The next step in making changes to a project is when you push them to the remote repository using git push <remote URL> <branch>. The remote URL parameter is what you specified when you cloned the project, but you can also use origin, which was defined when you originally cloned the repository.
The branch parameter is the branch that you are updating. If you are updating the master branch of the repository, you use master. So, the following command updates the master branch of the default remote repository: git push origin master. If you push the changes to a branch other than the master, you or someone else at some point will have to merge these changes into the master branch using git merge.
You can ask the owner of a remote repository to merge your changes through making a pull request on GitHub, which should not be confused with issuing a git pull command on your local repository.
You can look at git pull as being the opposite of git push. You use it when you want to update your local repository with changes that have been made to the remote repository. It actually issues two separate Git commands: git fetch, which will download the remote repository, and git merge, which will merge the changes into your copy of the repository.
You can perform a variety of operations on the branches of a Git repository by using git branch, including listing existing branches as well as adding, deleting and renaming branches. Using the command without parameters will list all current local branches, with the current working branch highlighted and signified with an asterisk.
By entering git branch -a, you will see all branches, including those that exist only in the remote repository. If you want to add a branch, you can do this by entering git branch <branch>, but it should be noted that this will not make this new branch the currently selected branch.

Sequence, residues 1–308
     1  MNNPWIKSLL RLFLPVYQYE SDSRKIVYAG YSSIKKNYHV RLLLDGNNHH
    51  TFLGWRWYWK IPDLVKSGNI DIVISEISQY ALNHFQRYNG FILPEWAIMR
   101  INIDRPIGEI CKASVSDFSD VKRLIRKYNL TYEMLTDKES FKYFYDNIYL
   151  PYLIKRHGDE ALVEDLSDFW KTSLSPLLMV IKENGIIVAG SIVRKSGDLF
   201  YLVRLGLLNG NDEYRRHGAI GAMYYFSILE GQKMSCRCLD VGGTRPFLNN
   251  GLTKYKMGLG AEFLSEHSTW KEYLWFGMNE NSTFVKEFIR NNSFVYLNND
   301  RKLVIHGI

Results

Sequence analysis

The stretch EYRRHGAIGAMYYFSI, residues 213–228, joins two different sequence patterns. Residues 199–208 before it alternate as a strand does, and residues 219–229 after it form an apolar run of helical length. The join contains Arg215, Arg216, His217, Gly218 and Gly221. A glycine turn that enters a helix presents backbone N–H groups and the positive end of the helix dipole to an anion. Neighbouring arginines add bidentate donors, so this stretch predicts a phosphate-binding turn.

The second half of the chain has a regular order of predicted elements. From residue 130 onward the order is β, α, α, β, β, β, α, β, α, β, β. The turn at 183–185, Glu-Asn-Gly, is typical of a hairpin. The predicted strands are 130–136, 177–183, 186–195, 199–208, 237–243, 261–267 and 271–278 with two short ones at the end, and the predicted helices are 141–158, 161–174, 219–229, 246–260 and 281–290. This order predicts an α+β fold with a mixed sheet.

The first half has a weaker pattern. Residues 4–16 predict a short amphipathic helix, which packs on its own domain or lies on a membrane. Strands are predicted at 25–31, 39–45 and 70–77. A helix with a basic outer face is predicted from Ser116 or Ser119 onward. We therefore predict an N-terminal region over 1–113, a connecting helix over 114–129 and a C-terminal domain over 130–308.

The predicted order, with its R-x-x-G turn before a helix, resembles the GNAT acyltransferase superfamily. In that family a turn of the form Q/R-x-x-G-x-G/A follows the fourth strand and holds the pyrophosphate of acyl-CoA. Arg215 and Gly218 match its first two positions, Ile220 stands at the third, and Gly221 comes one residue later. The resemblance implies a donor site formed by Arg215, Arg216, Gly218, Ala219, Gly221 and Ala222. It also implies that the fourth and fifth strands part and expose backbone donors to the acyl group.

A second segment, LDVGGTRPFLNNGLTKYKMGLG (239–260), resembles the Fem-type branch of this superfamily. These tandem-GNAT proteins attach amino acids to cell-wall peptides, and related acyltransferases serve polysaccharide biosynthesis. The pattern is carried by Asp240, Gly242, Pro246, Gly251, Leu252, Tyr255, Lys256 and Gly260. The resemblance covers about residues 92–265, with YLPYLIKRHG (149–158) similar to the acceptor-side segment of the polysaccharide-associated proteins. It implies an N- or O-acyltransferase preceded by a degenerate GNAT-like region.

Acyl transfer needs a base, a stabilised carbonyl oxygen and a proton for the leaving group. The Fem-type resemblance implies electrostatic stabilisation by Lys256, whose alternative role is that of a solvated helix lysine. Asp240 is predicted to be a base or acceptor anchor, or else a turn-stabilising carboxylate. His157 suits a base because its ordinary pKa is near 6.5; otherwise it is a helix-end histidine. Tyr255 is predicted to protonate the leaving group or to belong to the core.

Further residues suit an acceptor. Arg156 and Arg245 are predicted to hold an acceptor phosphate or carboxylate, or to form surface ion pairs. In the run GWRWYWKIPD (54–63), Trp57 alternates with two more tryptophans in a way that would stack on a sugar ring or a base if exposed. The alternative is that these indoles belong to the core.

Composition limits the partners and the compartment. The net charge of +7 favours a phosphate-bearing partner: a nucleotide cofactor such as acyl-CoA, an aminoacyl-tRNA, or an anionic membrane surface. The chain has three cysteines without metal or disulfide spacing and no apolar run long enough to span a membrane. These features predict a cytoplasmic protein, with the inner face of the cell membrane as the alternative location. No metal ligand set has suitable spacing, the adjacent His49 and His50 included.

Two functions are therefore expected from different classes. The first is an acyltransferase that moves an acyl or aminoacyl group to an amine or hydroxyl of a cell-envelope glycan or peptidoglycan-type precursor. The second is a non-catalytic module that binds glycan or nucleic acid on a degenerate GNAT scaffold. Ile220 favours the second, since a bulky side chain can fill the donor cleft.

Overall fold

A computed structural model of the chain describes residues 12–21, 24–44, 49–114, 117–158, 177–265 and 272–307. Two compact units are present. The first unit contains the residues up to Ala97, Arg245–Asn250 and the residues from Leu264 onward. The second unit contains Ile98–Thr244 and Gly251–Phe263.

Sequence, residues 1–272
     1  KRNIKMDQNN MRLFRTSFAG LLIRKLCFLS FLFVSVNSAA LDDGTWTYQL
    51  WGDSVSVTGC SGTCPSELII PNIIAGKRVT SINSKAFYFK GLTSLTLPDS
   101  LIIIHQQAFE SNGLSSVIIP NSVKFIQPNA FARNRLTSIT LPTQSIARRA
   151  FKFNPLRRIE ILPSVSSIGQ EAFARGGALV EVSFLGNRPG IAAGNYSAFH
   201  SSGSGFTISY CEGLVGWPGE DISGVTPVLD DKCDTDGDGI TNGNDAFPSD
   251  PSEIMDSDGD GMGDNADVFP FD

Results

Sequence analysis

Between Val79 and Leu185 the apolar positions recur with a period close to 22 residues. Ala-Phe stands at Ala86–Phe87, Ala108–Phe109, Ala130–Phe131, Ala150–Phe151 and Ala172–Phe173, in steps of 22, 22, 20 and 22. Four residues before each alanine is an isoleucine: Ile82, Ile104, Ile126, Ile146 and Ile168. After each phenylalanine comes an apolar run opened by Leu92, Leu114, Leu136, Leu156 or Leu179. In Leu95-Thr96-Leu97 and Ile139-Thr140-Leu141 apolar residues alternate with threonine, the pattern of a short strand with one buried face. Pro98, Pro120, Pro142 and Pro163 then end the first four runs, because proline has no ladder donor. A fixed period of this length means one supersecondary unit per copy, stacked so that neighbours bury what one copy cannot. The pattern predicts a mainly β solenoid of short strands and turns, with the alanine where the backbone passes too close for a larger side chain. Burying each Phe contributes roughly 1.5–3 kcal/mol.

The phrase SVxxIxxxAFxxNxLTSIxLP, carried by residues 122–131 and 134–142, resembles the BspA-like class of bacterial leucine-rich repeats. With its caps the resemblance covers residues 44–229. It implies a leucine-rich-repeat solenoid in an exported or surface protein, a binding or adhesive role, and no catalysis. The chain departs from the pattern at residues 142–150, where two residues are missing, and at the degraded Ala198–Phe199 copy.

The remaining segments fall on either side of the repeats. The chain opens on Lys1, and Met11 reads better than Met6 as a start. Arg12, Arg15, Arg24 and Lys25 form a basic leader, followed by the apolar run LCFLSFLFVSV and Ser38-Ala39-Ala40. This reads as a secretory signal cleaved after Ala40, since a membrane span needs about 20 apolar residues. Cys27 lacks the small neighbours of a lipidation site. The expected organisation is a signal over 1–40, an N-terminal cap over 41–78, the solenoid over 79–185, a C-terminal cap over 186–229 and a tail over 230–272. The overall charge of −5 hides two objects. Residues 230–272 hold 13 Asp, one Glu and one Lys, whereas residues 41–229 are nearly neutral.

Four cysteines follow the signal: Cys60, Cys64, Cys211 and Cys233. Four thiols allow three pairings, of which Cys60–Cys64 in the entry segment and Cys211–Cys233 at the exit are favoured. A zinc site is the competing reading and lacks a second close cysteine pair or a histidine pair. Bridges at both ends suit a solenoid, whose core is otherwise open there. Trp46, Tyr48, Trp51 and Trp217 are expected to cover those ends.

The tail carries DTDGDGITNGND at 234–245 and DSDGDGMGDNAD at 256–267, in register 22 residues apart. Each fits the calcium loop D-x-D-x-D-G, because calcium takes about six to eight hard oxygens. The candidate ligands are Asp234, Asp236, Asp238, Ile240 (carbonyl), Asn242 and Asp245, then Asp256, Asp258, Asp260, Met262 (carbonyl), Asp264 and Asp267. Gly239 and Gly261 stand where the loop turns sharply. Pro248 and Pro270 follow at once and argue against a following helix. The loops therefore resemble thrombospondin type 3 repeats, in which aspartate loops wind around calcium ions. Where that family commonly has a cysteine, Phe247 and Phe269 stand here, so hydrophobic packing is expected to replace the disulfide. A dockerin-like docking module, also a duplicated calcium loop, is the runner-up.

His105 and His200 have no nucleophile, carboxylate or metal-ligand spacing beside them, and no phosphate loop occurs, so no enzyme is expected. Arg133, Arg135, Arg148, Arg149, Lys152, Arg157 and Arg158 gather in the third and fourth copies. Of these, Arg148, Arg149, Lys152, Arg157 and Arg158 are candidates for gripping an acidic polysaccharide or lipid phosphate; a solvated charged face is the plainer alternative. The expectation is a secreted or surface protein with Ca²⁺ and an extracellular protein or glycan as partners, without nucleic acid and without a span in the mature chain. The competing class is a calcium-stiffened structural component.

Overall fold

You can switch to a specific branch of a repository by using the git checkout command along with the branch that you would like to use. For example, git checkout mybranch. The command also provides a convenient means for both creating a branch and switching to it, by using the following syntax: git checkout -b <branch>.
At times you may want to temporarily save changes that you have made to a project without committing them to the repository right away. Using git stash will store both staged and unstaged changes for later use while reverting these changes from your working copies. Then, when you are ready to restore these changes, you can either use git stash pop, which will restore the changes and remove them from the saved stash, or git stash apply, which will restore the changes while keeping them in the stash. The latter is useful if you want to apply the stash to multiple branches.
You can create multiple stashes as well, and manipulate individual ones by specifying a particular stash.
As stated earlier, when you run a git pull command, it itself runs a git fetch and a git merge command. But there are times in which you might want to download the latest remote repository (or a particular branch of it) but not actually merge this into your local copy.
It should be noted that fetching a particular branch will not switch you to that branch. You will still need to use the git checkout command.
If you are managing a GitHub project, at some point you will probably want to merge the changes reflected in a particular branch to the master branch of the project. You do this by first switching to the branch that you want the changes merged into (most likely the master branch) and then entering git merge <other branch>. Once you have merged this branch into the master branch, you can safely delete it using the branch -d <other branch> command as it is now included in the master branch.
When you clone a repository, Git establishes an origin connection to the remote repository, but there may be times when you need to work with multiple remote repositories. You can use the git remote command to do this. You establish a remote connection by entering git remote add <remote name> <remote URL>, and you can list currently established connections by entering the command with no parameters or with git remote -v. The latter will further list the URLs of the defined remotes.
In conclusion, GitHub is not so confusing once you have a thorough understanding of its essential commands and their purposes. As you explore GitHub more, use this as a guide to help you build your knowledge and leverage the platform more effectively.